At NANOG 84 earlier this year, Comcast presented the story of how they deployed RPKI ROV on their network. In the Q&A, they confirmed that they adopted a strategy of using automation to maintain exact matches of maximum prefix lengths in their ROAs to avoid this route optimizer leak scenario.

Had Amazon created a ROA specifically for with an origin of AS16509 and a max-prefin-len of 11, then the attacker would have to do one of two things to pull off this attack. One option would be to announce the same route ( with a forged origin of AS16509). This route would have been RPKI-valid but would have had to contend with the real AS16509 for route propagation. Alternatively, if the attacker announced a more-specific route, it would have been evaluated as RPKI-invalid and had its propagation dramatically reduced if not completely blocked given the upstream in this case was Arelion and they reject RPKI-invalid routes.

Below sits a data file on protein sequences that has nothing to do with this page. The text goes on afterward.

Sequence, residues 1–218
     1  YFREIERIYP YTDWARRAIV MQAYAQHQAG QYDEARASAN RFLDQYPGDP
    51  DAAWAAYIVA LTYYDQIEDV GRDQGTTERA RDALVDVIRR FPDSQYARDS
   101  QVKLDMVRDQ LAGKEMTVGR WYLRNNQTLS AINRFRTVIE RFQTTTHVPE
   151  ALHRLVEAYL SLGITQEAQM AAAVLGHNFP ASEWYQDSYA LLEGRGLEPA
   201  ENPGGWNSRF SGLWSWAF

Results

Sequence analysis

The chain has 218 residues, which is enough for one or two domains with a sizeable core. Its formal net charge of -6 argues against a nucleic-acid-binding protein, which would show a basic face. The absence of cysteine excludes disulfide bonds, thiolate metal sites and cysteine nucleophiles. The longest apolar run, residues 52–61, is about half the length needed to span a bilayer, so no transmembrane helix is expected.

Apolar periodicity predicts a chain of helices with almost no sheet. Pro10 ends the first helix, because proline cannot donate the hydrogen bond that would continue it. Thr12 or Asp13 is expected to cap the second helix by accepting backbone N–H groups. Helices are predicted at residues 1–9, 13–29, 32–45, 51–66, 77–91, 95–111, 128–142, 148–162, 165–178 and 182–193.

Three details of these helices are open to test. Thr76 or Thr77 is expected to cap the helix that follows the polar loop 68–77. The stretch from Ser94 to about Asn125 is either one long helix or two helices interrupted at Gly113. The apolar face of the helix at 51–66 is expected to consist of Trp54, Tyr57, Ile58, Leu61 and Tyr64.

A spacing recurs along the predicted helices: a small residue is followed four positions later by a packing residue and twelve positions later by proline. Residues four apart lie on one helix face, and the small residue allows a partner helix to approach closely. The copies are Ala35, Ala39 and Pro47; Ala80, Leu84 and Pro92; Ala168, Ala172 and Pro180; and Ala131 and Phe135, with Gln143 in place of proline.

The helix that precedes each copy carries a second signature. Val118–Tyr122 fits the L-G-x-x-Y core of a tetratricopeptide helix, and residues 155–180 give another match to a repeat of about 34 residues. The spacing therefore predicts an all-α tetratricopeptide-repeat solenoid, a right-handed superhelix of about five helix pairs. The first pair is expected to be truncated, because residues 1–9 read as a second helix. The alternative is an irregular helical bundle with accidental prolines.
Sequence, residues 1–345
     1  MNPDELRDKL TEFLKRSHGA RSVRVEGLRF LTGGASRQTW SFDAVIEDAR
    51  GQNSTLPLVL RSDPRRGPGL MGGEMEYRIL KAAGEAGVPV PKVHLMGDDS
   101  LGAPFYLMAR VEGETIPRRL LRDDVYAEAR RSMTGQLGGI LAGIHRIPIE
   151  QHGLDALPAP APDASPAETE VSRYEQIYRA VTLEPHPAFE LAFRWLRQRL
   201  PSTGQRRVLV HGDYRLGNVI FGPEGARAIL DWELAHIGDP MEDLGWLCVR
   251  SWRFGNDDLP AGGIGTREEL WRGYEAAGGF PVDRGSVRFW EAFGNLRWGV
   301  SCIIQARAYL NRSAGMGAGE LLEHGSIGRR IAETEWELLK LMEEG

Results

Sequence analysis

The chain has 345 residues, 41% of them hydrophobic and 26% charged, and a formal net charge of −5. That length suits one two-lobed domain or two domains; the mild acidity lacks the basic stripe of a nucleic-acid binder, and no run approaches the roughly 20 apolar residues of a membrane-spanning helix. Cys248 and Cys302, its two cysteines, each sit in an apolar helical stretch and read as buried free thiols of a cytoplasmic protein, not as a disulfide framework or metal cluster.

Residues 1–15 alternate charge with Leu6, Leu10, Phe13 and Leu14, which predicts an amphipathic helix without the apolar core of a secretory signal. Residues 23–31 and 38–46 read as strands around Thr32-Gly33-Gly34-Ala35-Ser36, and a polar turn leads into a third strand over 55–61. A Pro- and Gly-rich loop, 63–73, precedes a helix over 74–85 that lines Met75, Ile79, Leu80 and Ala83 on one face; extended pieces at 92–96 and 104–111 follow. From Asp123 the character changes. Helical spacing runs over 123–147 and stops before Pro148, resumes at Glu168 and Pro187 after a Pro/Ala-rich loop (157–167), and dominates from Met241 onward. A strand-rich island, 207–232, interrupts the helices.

As mentioned, the attacks against cryptocurrency services in recent years highlight universal problems that aren’t restricted to cryptocurrencies. Companies looking to secure their internet-facing infrastructures need to deploy robust BGP and DNS monitoring of their infrastructure and any internet-based dependencies they may have.

Additionally, companies should reject RPKI-invalid routes while creating strict ROAs for their IP address space by including maximum prefix lengths that match the prefix lengths used in their routes. In fact, RFC 9319 The Use of maxLength in the Resource Public Key Infrastructure (RPKI) states that it is a “best current practice” that networks entirely avoid using the maxLength attribute in ROAs, except in certain circumstances. Leaving the maxLength field blank in a ROA has the same effect as setting the maxLength field to match the prefix. These steps can significantly reduce the window of opportunity for an attacker to subvert your internet infrastructure.